I’m sorry to be writing this, but starting today I’m going to be putting Less Than Heroic on hiatus. I’ve been deliberating on this for a while, and frankly, I’m a little burned out. I’ve been doing LTH for almost three years now, in addition to working on other projects. I don’t feel like I can keep up with the schedule and do the story justice right now. I want to thank everyone who’s read along, and I hope you’ll come finish the story with me when it’s time.

Until then,



P.S. If you’re interested in seeing what else I’ve been working on, you can check it out here:


Chapter Twenty-Two: Meetings

Lucia was waiting for him when he got to the cabin. Outside, in the battered blue armchair, a mug of something hot in one hand.

Brennan wrapped the ambient heat in the car around himself as he climbed out and trudged across the wet leaves to join her.  It was cold today, and for some reason it made the ache worse than usual. Lucia waited until he stepped onto the porch to talk.

“Did it go that badly?” she asked. He didn’t need her powers to see how scared she was. Her fingers were white around the cup in her hands. “What did he say? Are we—”

“It’s fine,” he said. “I mean, it went as well as it could have gone. It was just hard.”

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Chapter Twenty-One: Proof (and Theory)

Brennan halted outside the door to the study, too afraid to go in. The muted sound of 80’s hair metal filtered through the study door. As he stood frozen outside the door, his mind raced ahead, running through all the ways this conversation could go disastrously wrong. He was on the verge of fleeing back to his room when the door opened. Dad shuffled out, muttering absently about protons.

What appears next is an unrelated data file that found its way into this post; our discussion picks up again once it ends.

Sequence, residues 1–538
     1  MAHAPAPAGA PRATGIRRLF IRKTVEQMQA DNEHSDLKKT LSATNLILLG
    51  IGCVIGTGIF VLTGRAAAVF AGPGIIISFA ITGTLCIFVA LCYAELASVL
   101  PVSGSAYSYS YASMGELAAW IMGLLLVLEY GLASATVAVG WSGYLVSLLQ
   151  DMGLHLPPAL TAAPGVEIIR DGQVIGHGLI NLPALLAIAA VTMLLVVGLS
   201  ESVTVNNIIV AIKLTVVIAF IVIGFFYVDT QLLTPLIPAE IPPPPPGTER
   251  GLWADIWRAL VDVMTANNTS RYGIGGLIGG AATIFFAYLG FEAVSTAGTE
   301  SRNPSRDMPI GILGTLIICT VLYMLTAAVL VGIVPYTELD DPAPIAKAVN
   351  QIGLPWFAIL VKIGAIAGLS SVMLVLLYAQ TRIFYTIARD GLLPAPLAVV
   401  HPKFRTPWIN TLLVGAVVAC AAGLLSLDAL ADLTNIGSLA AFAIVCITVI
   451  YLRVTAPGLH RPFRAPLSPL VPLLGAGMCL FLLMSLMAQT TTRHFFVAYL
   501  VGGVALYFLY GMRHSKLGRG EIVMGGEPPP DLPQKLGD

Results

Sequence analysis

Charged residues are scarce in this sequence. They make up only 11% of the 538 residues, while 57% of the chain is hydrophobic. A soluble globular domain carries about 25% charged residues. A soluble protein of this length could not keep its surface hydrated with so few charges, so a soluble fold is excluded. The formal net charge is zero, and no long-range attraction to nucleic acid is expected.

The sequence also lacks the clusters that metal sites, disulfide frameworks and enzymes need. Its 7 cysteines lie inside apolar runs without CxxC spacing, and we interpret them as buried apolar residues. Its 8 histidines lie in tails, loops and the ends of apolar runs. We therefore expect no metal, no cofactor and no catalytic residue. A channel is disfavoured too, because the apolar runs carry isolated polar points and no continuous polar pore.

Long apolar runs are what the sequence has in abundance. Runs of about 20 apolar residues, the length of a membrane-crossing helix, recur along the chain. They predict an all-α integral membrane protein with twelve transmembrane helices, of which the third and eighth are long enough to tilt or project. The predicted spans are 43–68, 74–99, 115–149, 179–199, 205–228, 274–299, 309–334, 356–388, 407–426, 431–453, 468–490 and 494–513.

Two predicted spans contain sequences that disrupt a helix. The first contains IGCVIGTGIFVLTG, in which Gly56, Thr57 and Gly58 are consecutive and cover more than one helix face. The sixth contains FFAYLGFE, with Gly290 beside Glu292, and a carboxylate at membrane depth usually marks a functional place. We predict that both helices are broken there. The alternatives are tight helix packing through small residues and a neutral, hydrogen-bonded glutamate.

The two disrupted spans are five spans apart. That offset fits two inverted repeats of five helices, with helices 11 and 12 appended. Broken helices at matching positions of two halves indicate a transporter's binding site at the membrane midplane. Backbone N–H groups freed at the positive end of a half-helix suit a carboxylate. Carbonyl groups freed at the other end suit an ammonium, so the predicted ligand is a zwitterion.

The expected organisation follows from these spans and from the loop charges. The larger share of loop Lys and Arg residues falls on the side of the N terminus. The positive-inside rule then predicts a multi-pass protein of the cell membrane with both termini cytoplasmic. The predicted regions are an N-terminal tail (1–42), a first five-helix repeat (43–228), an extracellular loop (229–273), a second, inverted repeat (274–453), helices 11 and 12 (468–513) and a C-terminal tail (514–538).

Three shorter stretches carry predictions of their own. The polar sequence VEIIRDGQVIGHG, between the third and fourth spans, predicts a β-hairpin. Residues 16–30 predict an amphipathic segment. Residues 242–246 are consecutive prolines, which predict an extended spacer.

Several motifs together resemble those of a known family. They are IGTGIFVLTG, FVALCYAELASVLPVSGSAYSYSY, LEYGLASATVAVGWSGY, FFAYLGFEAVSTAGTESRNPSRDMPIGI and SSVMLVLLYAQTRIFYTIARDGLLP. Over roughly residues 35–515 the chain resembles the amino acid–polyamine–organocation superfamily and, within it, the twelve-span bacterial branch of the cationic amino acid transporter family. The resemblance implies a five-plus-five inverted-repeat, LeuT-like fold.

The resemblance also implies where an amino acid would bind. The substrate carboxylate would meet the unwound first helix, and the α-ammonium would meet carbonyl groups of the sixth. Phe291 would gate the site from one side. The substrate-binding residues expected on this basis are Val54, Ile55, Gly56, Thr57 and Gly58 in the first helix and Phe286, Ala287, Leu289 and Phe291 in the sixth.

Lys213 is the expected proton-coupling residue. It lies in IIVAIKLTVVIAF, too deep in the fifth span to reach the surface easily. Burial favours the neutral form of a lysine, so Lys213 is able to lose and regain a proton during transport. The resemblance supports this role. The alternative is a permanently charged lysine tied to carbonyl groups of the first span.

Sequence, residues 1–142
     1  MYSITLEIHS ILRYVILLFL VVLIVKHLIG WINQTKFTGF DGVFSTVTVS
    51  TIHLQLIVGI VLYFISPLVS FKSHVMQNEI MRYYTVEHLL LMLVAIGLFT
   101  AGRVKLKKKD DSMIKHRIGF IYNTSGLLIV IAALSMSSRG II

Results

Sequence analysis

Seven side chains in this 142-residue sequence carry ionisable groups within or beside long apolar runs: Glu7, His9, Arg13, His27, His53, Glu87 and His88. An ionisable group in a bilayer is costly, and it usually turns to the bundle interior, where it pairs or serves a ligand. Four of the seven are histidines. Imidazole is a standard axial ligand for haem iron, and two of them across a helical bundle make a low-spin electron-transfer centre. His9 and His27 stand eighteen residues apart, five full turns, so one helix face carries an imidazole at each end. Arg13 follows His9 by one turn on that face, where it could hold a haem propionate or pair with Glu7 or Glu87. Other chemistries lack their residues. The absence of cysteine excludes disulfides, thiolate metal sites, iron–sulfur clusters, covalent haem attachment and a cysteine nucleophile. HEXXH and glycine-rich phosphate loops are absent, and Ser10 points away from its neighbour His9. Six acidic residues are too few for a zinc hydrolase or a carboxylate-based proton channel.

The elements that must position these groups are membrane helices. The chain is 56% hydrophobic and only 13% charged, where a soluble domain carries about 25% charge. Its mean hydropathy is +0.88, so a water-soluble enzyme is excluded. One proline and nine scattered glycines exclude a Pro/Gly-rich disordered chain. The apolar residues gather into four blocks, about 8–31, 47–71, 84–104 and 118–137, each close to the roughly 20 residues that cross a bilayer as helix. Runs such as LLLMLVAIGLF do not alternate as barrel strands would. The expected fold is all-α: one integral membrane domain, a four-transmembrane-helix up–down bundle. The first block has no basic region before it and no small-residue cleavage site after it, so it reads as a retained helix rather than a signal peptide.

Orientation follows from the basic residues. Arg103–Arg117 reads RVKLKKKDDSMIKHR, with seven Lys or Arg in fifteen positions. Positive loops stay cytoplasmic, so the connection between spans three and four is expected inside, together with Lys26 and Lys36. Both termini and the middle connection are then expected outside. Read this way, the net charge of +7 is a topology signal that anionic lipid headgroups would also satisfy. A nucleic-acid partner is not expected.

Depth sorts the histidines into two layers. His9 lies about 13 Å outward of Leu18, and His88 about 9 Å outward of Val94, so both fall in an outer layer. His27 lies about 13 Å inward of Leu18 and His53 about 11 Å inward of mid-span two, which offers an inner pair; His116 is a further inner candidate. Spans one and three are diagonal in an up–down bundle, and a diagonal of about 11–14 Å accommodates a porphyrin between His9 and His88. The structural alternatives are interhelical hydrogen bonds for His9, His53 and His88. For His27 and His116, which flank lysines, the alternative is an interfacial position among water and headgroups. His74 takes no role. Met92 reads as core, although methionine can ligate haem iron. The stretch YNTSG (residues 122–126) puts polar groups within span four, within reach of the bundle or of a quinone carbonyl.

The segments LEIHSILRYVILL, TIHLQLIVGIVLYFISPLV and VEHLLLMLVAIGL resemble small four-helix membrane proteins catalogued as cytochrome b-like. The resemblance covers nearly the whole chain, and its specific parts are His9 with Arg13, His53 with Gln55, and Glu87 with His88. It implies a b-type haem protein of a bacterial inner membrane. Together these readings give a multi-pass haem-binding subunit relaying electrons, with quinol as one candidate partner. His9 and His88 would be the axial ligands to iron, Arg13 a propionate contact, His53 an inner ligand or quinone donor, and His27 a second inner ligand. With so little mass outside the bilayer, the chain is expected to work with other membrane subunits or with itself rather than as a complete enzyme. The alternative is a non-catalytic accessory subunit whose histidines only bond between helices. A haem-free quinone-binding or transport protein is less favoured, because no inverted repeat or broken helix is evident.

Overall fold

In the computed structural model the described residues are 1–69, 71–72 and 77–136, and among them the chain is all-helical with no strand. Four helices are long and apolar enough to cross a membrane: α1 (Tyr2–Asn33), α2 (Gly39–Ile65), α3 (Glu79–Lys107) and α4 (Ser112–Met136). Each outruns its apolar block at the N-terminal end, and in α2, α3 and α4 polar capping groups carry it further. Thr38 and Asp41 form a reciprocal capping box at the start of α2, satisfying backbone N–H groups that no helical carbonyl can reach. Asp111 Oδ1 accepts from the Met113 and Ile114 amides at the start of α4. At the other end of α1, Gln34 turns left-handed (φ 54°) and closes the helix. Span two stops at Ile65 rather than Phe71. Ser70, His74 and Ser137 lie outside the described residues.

“Morning,” he said as he glimpsed Brennan lurking in the hall. “Finally decided to get up?”

“Uh, yeah,” Brennan said, smoothing down his sleep-ruffled hair.

“I’m just on my way to warm up this coffee,” Dad said, brandishing a half-filled mug in the air. “Keep forgetting it’s on my desk.”

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Chapter Twenty: Need to Know

Even though it was late, the lights were still on when Brennan pulled into the driveway. He switched the engine off and sat in the dark car, staring at the living room window with indecision. The revelations of the evening had left him shaken, but the relentless worry about it hadn’t left him with any clarity about what to do.

We’re going to need help.

Selena’s suggestion that they approach Dr. Haley for help had gone over as well as he’d have expected. The tense discussion had quickly turned to argument. Molly left angry, Lucia had barely kept Carter from punching a tree, and it was only after he’d insisted they had to consult Ivy before he did anything that they agreed to take the night and think things over.

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Chapter Nineteen: Risk Assessment

Brennan poked the logs in the fire and tried hard not to think. He’d wanted to keep searching for Aaron, but Molly had stubbornly insisted he needed to rest. Annoying, but now that he was sitting down, he had to admit she was probably right.  The adrenaline that had kept him going all night had faded, leaving him cold and numb to everything except the sharp ache in his side.

Now there was nothing to do except wait.

He glanced toward the shore. Molly and Carter sat together on the big boulder on the shore, shadowed against the water. Neither of them seemed much the worse for wear, and Molly actually seemed to get more energy from taking a few hits. He felt a little envious, watching them talk and chuck rocks into the lake while he sucked extra warmth from the fire and tried not to fall asleep.